The Guardian was the only review to include a kind word; “Regrettably, Always lacks anything approaching a good tune, although Clive Carter as the King, a dead ringer for one of J M Barrie’s Lost Boys, and Jan Hartley as the serene Wallis, have sufficiently impressive voices and stage presences to almost persuade you otherwise”. Even Shani Wallis could not save the show according to the News of the World which passed judgement on Always as; “clodhopping” and “insipid”. It alludes to a scene whereby a trombone playing chef dances with a dog (Slipper, we assume?) but concludes; “If Always was a place, I’d take you there, the about-to-be Edward VIII sings to his beloved Wallis Simpson. Well, if Always were a place, I’d send them both there – with one-way tickets”. The Evening Standard summarised Always as “gross schmaltzification of the story” and just a month later, the curtain was brought down on Always for good. It would never be staged again and even the original cast recording made before the show opened is now as rare as hen’s teeth to find.
But find a copy I did and I’m going to stick my neck out here and suggest that (the nightmare scene set in a fairground aside), Always really doesn’t strike me as being all that bad. Rather, I think it a matter of timing. Firstly, 1997 will always be remembered for the year in which the British monarchy almost collapsed following its disastrous handling of the death of Diana, Princess of Wales. But public opinion on the Royal Family had been at a low ebb for almost a decade with 1992 proving to be the Queen’s infamous Annus Horribilis. In almost every review I can find of Always (pre-September when Diana died in Paris), there are sneering remarks about the Royal Family with one evening suggesting that it would “cause the Queen Mother convulsions which would be far more entertaining to watch than the show itself”. Maybe audiences were just not in the mood for a royal musical?
There is an undeniable theme in the reviews which goes beyond judgements on the quality of the story or the songs. Rather, a common complaint was that it was “too kind” to David and Wallis. Reviewing the Original London Cast Recording (which was oddly narrated by Ian Richardson who did not appear in the show itself), the Telegraph said; “Why we should be interested in this white-wash of a pair of self-indulgent royal layabouts is beyond me”. The Evening Standard seemed repulsed by the idea that the musical was presented as a love story at all, demanding that “the political ramifications of their affair” should have taken priority; “May and Hauser try to promote their revolutionary relationship as a timeless romance but it comes across as a piece of heritage kitsch”. May and Sprague’s most outrageous sin however seems to have been to; “portray [David and Wallis] as star-crossed innocents, emotional retards seeking refuge from lives blighted by childhood unhappiness”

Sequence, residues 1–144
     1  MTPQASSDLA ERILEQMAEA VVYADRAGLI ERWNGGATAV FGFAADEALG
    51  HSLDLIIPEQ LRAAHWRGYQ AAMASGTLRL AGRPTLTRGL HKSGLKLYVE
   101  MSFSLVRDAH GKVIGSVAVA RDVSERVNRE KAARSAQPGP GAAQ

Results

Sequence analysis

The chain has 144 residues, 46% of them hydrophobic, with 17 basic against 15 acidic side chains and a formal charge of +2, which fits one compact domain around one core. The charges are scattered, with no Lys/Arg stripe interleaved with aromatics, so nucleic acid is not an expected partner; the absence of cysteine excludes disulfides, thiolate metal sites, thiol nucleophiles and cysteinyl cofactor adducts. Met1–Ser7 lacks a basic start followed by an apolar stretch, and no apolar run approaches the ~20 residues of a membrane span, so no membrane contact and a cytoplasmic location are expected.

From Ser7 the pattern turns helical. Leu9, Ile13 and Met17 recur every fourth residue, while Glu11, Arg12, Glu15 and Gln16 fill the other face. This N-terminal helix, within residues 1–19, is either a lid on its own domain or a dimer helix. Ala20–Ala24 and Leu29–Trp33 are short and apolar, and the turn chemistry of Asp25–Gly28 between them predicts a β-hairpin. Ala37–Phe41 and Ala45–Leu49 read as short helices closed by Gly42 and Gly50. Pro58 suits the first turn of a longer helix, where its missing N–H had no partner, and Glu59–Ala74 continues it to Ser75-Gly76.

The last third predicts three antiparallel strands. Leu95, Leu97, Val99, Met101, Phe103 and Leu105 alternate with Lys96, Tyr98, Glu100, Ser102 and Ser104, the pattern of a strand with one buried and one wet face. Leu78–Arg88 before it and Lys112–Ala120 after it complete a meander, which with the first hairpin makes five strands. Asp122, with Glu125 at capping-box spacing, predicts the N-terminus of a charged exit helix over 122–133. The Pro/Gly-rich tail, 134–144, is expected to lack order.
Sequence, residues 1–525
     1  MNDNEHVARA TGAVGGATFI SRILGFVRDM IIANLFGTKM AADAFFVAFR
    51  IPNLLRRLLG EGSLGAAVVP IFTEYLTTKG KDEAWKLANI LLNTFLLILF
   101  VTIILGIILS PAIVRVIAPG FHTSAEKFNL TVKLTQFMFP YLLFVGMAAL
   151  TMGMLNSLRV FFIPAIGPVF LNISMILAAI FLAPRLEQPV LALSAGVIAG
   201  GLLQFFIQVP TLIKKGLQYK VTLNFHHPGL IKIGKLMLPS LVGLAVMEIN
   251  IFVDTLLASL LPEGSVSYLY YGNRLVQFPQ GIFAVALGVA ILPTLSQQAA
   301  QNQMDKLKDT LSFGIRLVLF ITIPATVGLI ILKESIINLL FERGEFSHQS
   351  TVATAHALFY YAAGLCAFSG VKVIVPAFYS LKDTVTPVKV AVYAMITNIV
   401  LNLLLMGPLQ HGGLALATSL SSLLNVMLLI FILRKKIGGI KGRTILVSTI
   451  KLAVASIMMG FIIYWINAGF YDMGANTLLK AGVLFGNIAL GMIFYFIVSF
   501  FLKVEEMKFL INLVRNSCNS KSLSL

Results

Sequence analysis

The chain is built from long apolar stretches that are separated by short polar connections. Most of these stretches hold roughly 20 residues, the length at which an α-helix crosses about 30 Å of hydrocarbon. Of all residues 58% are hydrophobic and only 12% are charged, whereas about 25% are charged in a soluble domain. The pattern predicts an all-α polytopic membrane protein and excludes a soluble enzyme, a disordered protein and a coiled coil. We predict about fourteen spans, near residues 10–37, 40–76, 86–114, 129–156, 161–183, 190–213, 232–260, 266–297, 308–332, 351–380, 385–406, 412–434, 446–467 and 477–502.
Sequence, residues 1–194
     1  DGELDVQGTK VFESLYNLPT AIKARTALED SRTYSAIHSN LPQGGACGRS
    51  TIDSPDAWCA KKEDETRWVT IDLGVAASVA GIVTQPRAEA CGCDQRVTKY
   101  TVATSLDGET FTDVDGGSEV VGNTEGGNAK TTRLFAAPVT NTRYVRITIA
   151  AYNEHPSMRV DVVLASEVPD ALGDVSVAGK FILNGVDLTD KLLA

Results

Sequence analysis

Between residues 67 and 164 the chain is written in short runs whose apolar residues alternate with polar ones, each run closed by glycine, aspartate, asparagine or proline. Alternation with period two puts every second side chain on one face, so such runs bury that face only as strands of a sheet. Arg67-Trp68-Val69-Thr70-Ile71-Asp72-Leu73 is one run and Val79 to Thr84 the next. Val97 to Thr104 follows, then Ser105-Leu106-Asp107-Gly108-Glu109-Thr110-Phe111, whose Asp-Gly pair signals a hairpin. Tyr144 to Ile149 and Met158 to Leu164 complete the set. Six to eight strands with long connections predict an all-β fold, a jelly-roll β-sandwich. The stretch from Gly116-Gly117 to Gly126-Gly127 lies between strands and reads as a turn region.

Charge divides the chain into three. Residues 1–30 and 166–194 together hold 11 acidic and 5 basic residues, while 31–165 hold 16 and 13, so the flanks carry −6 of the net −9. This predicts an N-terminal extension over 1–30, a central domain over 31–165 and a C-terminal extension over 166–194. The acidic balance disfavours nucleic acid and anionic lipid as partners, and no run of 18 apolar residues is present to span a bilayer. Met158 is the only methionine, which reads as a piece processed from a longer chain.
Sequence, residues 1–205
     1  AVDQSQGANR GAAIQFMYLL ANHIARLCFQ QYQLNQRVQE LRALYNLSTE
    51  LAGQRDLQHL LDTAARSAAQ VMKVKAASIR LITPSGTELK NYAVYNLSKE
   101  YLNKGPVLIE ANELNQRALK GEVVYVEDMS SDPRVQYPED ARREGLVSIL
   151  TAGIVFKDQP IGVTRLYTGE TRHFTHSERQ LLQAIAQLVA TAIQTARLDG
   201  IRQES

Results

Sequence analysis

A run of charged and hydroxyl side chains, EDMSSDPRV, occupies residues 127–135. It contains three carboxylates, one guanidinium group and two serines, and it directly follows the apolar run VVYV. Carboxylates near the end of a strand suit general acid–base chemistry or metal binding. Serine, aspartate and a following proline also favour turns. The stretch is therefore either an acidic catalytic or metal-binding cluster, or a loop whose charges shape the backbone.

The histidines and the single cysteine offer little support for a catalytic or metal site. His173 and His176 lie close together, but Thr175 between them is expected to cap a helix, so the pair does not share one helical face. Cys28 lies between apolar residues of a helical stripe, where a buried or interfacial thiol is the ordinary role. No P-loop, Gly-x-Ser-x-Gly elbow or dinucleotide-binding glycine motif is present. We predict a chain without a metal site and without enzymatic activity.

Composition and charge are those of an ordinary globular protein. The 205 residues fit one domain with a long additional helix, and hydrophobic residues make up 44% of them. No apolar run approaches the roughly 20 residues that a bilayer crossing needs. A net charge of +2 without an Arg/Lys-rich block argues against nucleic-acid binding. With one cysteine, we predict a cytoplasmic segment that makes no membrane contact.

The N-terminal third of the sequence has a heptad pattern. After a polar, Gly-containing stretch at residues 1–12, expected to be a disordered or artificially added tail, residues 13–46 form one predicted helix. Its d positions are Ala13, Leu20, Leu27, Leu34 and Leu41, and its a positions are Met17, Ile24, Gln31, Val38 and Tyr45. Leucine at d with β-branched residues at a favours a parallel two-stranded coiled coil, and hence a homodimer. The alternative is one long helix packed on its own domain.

And yet there is truth in this. Both David and Wallis suffered childhood trauma which undoubtedly tainted their future relationships. For David, King George V’s presence as a strict and unforgiving disciplinarian and Queen Mary’s aloof lack of open sentimentality no doubt propelled him into the arms of married women as he searched for a love he had longed for as a boy. In Wallis’ case, a fear of poverty and being left alone to fend for herself absolutely drove her to find successful men who could provide for her and make her feel secure. The idea that David and Wallis found refuge in each other is actually incredibly accurate and if this is the approach May and Sprague took in their musical, they were actually closer to offering a faithful representation of the Windsor romance than that which had previously been offered. But was London ready for such a sympathetic portrayal? Clearly not.
It would be wrong of me to suggest that Always was doomed because of anti-Wallis sentiment that still pervades to this day. After all, there have been more balanced portrayals of the Duchess (both before and after Always) which have been far more successful regardless of their controversy. Having heard most of the songs (admittedly I couldn’t quite make it through the whole show!), the lyrics are a little schmaltzy, there are some truly awful attempts to introduce humour and I can’t get the image of a tap-dancing Sybil Colefax out of my head but there are two highlights. The first comes in a valiant rendition of Love’s Carousel by Sheila Ferguson. It darts a little from semi-royal themes to fairground music that’s totally incongruous with Ferguson’s attempts to bring deep meaning to the number but I’ll admit to having a soft spot for it just the same. After all, how can you go wrong with Sheila?
But the second highlight and the absolute stand out number is the title song Always, performed by Jan Hartley. Delivered by a wistful Wallis awaiting her fate at the Villa Lou Viei in Cannes, she attempts to renounce the King and in doing so, reveals that whatever happens, she will continue to love him just as fervently – always. It’s beautifully sung and the lyrics do seem to be have been adapted from letters Wallis wrote to David during their early romance. As a result, it’s the most authentic song I have heard from Always and had every song had the same sincerity, perhaps Always would not be remembered as the clanger it apparently proved to be. Even some of the critics begrudgingly admitted it had a unique charm despite its many flaws as theatre critic Nick Perry wrote; “The critics will hate it, the tourists will love it”. Despite my better judgement…I think I’m with the tourists!